1.9 Study Area

THE South East geopolitical zone, comprising Abia, Anambra, Ebonyi, Enugu and Imo states, is one of the most homogenous and cohesive geopolitical zones in Nigeria. The zone covers the bulk of the Igbo-speaking ethnic territory or Igbo Language, the remainder of which extends westwards into Delta State and southwards into Rivers State. The zone also includes a few non-Igbo speaking communities on the northern and eastern borders. In pre-colonial times, Igbo land maintained a strong organic unity, with strong genetic and cultural linkages among the communities and deep interpenetration of their societies and economies through migration and trade. Under colonial rule and from independence until 1976 the area was administered as part of the Eastern Region, with the creation of a 12 state structure in 1967.

It became a state of its own as the East Central state, but could not attain full operational status until the end of the civil war in 1970. Progressive state creation restructured the area into two, then four, then five states. Through all this, the area and its people have retained a recognizable identity and character within the Nigeria nation state.

By territorial size, the South East zone is by far the smallest in Nigeria, accounting for mere 3.2% of the national space. However, the 2006 census data credited it with 1.7% of the population; given it a population density nearly four times the national average. High population pressure is indeed one of the basic facts of life in the zone. Analysis of migration data shows that the South East is a zone of strong net emigration, with some 15% of persons born in the zone resident outside the zone and only 5% of the residents of the zone coming from outside the zone. The zone contributes significantly to the population of all major cities, industrial and market centres in Nigeria. The number of those migrating abroad is rising, such that the Igbo in Diaspora are becoming a major factor in the politics and economy of the South East zone and Nigeria (AIAE, 2007, NPC, 2006).

Get the Complete Project

This is a premium project material and the complete research project plus questionnaires and references can be gotten at an affordable rate of N3,000 for Nigerian clients and $8 for International clients.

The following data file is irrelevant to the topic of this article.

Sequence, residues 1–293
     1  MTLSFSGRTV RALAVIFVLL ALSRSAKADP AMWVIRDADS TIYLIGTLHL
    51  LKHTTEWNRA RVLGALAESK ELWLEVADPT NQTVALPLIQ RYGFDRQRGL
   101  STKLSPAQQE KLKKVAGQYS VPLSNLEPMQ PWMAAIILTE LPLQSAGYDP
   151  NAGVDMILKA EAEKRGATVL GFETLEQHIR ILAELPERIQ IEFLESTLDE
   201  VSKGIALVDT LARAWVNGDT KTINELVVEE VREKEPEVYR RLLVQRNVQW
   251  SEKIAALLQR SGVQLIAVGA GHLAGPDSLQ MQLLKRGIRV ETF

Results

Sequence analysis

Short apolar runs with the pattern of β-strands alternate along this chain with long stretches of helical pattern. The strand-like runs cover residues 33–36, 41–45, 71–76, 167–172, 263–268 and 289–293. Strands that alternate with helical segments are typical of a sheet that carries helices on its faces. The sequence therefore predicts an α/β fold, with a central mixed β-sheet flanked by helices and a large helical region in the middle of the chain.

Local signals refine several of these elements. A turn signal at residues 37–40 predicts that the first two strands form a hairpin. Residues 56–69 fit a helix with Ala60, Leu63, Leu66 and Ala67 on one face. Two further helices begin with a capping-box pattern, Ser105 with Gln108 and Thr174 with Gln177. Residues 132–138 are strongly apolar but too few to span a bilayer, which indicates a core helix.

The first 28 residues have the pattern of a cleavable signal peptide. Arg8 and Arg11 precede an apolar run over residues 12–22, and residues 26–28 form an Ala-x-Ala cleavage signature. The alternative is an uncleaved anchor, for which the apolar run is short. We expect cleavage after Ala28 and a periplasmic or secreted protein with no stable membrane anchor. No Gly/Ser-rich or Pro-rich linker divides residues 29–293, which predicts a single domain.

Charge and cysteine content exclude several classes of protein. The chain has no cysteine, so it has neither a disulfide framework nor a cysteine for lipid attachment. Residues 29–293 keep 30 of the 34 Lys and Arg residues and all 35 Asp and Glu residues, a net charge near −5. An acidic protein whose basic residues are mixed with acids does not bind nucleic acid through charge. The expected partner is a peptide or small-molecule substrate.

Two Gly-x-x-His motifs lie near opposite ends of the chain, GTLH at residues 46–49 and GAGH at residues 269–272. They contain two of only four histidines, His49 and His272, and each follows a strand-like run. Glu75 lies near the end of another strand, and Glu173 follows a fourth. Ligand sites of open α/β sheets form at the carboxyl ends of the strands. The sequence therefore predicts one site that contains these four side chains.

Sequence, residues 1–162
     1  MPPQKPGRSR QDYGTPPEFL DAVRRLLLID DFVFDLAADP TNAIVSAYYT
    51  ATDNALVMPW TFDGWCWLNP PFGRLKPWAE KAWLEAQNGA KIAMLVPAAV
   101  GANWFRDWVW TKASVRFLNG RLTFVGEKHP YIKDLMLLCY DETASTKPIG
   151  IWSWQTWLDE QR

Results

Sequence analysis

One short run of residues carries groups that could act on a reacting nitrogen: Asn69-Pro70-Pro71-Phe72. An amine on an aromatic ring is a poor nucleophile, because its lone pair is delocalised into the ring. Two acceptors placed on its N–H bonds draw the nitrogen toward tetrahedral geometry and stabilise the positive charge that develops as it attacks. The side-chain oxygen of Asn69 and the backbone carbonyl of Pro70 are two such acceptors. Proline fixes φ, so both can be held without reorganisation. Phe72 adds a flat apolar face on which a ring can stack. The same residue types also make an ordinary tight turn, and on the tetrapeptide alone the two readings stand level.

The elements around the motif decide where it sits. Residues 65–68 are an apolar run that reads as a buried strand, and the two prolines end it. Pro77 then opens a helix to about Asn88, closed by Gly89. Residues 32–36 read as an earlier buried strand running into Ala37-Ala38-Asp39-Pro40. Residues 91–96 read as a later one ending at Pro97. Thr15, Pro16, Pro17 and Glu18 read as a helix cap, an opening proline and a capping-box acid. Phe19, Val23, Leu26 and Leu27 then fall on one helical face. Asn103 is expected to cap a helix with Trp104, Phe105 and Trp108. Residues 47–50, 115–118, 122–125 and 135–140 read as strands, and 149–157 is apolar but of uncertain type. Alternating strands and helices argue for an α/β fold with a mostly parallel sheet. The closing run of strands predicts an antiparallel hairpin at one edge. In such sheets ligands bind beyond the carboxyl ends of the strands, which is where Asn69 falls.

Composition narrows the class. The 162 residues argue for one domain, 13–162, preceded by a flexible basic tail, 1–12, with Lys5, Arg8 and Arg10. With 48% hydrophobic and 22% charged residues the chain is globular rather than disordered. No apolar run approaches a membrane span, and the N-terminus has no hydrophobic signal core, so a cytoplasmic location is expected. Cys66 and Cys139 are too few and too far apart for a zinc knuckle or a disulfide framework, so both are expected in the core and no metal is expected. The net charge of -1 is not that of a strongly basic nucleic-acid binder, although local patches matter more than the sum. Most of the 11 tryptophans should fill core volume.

Click here to Get this Complete Project Chapter 1-5





You can also check other Research Project here:

  1. Accounting Research Project
  2. Adult Education
  3. Agricultural Science
  4. Banking & Finance
  5. Biblical Theology & CRS
  6. Biblical Theology and CRS
  7. Biology Education
  8. Business Administration
  9. Computer Engineering Project
  10. Computer Science 2
  11. Criminology Research Project
  12. Early Childhood Education
  13. Economic Education
  14. Education Research Project
  15. Educational Administration and Planning Research Project
  16. English
  17. English Education
  18. Entrepreneurship
  19. Environmental Sciences Research Project
  20. Guidance and Counselling Research Project
  21. History Education
  22. Human Kinetics and Health Education
  23. Management
  24. Maritime and Transportation
  25. Marketing
  26. Marketing Research Project 2
  27. Mass Communication
  28. Mathematics Education
  29. Medical Biochemistry Project
  30. Organizational Behaviour
  31. Other Projects
  32. Political Science
  33. Psychology
  34. Public Administration
  35. Public Health Research Project
  36. More Research Project
  37. Transportation Management
  38. Nursing



Need a Project Writer for a Different Topic